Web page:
Kline, Stephen, et al. Digital Play: The Interaction of Technology, Culture, and   Marketing. McGill-Queen’s University Press, 2003. JSTOR, www.jstor.org/stable/j.ctt818w1.

McWhertor, Michael. “Call of Duty Moving to 3-Year, 3-Studio Dev Cycle,    Sledgehammer on 2014 Game.” Polygon, Polygon, 6 Feb. 2014, www.polygon.com/2014/2/6/5387530/call-of-duty-moving-to-3-year-3-studio-dev-cycle-sledgehammer-on-2014).

Source: Rotating Developers of my CoD games

Postal Redux: Shooters and Society

Videogames are often a means to leave the real world and give your mind a time to relax. And as technology became more and more advanced, some studios decided to make them more and more realistic. As games became more and more realistic, mature videogames began to raise eyebrows as the line between real world and videogame world began to disintegrate. I argue that mature, violent videogames can be allowed in society but in the wrong hands, they can lead to horrible outcomes. Like DoomPostal was society’s scapegoat for the gun violence seen in the 1990’s and early 2000’s.

Postal was released in 1997 and was heavily criticized for its over the top violence. It is important to note that this was released in the same era as Doom and Grand Theft Auto, and society was getting nervous about the mature video games being released. Players take control of “Postal Dude” and are challenged to proceed through levels killing the required amount of people with various weapons. There is no story (only still frames with what could be called poetry…), you are just thrown into the world with a gun and an objective: rack up maximum points with maximum carnage.

One of the many still frames that are used between levels. Note the graphic text.

On the surface, the game is simple run and gun game that focuses merely on the violence and bloodshed of victims just for the sake of being violent. But if you dig a little deeper, you need to have a detailed strategy in order to stay alive and maintain your best weapons (ammo is limited). This includes hiding when necessary, taking out hostiles in the correct order, and looking for ways to take out large groups at once. Like Doom, there is a method to the madness and a well crafted method equals a better score. So if Postal is encouraging a strategy for mass murder, could someone argue that it is teaching players how to commit mass murder?

One of the first levels encountered. The goal is to kill hostiles (typically police and the army) and leave the civilians alone.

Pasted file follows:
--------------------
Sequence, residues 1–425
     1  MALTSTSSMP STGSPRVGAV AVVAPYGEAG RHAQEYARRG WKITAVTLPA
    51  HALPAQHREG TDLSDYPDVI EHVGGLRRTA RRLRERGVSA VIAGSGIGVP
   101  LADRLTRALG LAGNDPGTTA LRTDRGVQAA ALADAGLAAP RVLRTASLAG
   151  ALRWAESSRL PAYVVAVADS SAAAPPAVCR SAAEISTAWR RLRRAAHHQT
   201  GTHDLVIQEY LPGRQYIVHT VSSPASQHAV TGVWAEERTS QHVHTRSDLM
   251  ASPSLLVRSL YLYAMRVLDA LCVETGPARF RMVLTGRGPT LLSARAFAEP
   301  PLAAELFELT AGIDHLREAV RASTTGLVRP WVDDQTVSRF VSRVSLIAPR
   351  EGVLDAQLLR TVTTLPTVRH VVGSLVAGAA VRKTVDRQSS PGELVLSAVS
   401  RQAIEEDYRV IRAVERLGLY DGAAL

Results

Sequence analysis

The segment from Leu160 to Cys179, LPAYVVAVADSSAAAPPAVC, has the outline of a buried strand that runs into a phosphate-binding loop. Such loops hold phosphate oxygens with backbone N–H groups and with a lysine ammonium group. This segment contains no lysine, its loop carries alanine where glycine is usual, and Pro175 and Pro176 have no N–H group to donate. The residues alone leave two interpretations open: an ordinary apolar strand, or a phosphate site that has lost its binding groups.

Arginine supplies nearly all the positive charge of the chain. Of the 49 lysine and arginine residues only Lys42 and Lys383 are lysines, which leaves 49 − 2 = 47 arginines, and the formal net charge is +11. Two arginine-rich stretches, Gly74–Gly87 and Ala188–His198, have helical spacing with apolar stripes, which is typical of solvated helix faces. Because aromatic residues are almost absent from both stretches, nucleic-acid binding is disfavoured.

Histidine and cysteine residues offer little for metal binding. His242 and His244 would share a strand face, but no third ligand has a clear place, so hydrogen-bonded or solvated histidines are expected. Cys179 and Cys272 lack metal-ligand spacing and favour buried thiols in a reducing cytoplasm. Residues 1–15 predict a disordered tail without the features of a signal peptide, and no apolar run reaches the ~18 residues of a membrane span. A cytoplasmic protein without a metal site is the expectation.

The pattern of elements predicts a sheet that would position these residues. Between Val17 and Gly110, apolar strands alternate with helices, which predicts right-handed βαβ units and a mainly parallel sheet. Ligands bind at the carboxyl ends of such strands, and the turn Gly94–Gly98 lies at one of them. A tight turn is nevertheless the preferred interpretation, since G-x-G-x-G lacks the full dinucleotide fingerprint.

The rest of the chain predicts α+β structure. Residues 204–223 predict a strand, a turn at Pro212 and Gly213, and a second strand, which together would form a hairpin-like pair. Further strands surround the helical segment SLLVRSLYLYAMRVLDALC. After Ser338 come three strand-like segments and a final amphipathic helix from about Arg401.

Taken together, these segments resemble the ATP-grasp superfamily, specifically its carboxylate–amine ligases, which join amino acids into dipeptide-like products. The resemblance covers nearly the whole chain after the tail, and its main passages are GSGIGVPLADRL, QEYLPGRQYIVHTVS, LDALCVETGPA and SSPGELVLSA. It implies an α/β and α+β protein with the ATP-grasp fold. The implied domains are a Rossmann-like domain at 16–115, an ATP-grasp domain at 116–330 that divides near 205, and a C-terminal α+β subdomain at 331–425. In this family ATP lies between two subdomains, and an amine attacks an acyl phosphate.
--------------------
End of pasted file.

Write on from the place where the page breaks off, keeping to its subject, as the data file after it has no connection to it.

Though Postal is not what we would consider realistic by today’s standards, it was most certainly cutting edge for the time. The line between realistic world and “just a game” was definitely blurred which caused some people to think that this game would harm the minds of the players and cause them to be more violent.  Their thinking was justified, how could this be considered just a game? It was very much a part of real life. Remember, “going postal” was a term familiar in the 90’s. It was actually created due in part to this event. And this is only one of the few tragedies that happened in the 90’s. The United States Postal Service even tried to sue Postal developers, Running With Scissors, for defamation. Society had an argument against games like this, they obviously had negative relationships with real world events. But at what point does the suppression of what games are released become an issue with Free Speech?

You should be allowed to publish any type of videogame no matter the content. But, I think that mature videogames need to be monitored more effectively. You shouldn’t have minors owning violent/explicit games. If their parents want to buy them the videogame, they should be informed about the content in the game and be okay with their child playing said game. If you are of age to buy mature games, you should ask yourself if you are ready to see the explicit content and if you think you will be harmed by it, you should not buy the game. Mature videogames get bad press because people do not play them maturely. I have often seen grown adults act childish over GTA: Online and misrepresent the gaming culture. To play mature games, you need to act maturely and be aware about what it is you are actually doing in the game. It is important to know when videogames are just games and when they are real. As games become more realistic and virtual reality allows players to step inside the game world, we have to take a minute and remind ourselves that it is just a game.

A large explosion in Postal, not uncommon.

 

Source: Postal Redux: Shooters and Society

I Beat the Game (The Stanley Parable Log #1)

The Stanley Parable is an unusual game. Originally a mod for Half-Life 2,  it places the player in the shoes of Stanley, an employee at an unnamed generic corporation. Stanley pushes buttons in a specific order based on what his computer says every day, but one day his coworkers vanish and his computer gives no instruction.

This is where the gameplay starts for the player. The game’s mechanics consist only of movement via WASD and the interaction button E (which sometimes opens doors and does little else). The player interacts mainly with the narrator; a sophisticated British voice narrates Stanley’s intended actions, but the player is capable (and often subtly encouraged) to disobey these suggestions. For example, on my first playthrough, I came to a point in a hallway with a door with the words “BROOM CLOSET” written on it in large letters:

Although the narrator says something like, “Stanley continued down the hallway,” the door clearly stands out to the player. I went inside, and the narrator responded in disbelief, then impatience, then anger:

The narrator eventually runs out of lines, and the player can move on or sit in silence interminably. But this makes up only one of very many instances where the player can disobey the narrator, most of which lead to different game outcomes and endings.

This conflict between narrator and player, storyteller and listener, constitutes the core of The Stanley Parable. It uses the interactive medium to play on tropes of video games and narratives in general. A clear example of this commentary comes at the end of the, “main,” storyline.

After discovering and shutting down a mind control facility in the basement of his office building, Stanley steps out into the open world a free man:

 

This idyllic countryside and peaceful epilogue appear to represent an escape for the protagonist. However, they come across as almost too perfect; this image seems unbelievable and unrealistic, suggesting that Stanley has not in fact reached freedom. Further reinforcing this impression, the screen immediately goes black and cuts back to the beginning of the game.

This is but one of many endings for the game, which in it’s loading screen claims that, “THE END IS NEVER THE END IS NEVER THE END…”

 

Source: I Beat the Game (The Stanley Parable Log #1)